Change to cervical screening start age

The Ministry of Health announced that the age women begin having cervical smear tests will change from 20 to 25 from November 2019.

My body, my health, my future - National Cervical Screening Programme.There are several good reasons why women are now being encouraged to wait until 25 to start cervical screening:

  1. Cervical cancer in women under 25 years of age is rare.
  2. There is good evidence that cervical screening does not appear to be effective at preventing cancer for women under 25. There has been no reduction in the incidence rate of cervical cancer for those under 25 years of age since the National Cervical Screening Programme began in 1990. This is despite significant reductions in cancer rates for older women.
  3. Starting cervical screening from 25 years is recommended by the World Health Organisation’s International Agency on Research on Cancer. Many other countries start screening at 25 years of age, such as Australia, UK, France, Belgium, Italy and Norway. Some other European countries start screening at age 30 years, including the Netherlands and Finland.
  4. The introduction of human papillomavirus (HPV) immunisation means that young women are increasingly protected against HPV, the virus that causes cervical cancer.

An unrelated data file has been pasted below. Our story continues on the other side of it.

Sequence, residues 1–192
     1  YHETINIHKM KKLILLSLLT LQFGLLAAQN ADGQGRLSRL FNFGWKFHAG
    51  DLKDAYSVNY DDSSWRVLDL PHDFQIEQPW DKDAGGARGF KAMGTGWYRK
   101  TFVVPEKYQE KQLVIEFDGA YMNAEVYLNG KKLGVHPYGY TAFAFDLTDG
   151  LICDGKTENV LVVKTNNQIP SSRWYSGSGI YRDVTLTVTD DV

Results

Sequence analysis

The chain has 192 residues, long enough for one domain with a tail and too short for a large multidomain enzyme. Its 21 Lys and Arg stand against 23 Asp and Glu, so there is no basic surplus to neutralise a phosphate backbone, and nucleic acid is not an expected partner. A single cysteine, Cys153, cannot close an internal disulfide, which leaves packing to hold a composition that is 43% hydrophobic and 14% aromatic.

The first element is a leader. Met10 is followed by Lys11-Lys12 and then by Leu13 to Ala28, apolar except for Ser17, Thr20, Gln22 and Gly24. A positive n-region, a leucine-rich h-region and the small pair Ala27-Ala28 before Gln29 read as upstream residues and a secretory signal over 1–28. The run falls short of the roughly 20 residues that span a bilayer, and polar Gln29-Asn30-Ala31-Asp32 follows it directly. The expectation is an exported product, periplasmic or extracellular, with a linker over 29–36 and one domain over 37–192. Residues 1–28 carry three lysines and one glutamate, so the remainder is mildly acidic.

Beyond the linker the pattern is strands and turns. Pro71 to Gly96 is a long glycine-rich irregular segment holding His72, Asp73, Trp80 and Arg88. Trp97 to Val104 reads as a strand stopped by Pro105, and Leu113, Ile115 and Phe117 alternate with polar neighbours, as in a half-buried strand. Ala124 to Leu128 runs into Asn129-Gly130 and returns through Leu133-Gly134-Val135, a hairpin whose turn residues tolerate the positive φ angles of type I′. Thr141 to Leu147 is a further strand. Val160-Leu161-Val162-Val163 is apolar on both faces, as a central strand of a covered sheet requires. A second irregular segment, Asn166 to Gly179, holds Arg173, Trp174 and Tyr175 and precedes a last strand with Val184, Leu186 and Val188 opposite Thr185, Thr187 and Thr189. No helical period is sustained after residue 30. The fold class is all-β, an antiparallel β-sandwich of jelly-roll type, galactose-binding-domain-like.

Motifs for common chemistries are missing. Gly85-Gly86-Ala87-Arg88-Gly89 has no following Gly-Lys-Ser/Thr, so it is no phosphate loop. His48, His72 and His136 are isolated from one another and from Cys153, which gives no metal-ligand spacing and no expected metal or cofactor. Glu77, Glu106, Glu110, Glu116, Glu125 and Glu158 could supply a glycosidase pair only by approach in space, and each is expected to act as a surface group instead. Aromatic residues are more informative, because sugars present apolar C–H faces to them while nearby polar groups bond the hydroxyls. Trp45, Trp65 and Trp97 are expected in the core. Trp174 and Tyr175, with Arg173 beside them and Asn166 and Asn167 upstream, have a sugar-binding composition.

What the age change means

If you have started screening and are under 25: You will continue to be recalled by your health provider according to the screening pathway already being used

If you haven’t start screening yet: You will be invited to start screening as you approach 25. You may receive your invite up to 6 months before your 25th birthday. It is safe to start screening as soon as you receive your invitation, you don’t have to wait until you turn 25. Remember, if you don’t receive your invitation, you can contact your health provider directly to arrange a test when you turn 25.

Still have cervical smears if you have had the HPV vaccine

The HPV vaccine protects against some high-risk types of HPV, but it doesn’t protect against them all. So it’s important to have cervical screening even if you have had the HPV vaccine.

Combining HPV immunisation with regular cervical screening is the most effective way you can protect yourself against cervical cancer.

HPV immunisation is now free for everyone aged 9 to 26 inclusive. It’s not too late to discuss getting the vaccine with your health provider if you are under 27 years and have not yet been vaccinated.

Source: Time to Screen website (accessed 17th October 2019).

Published on Thursday, October 17th, 2019, under News
Page last updated: 31/10/2019

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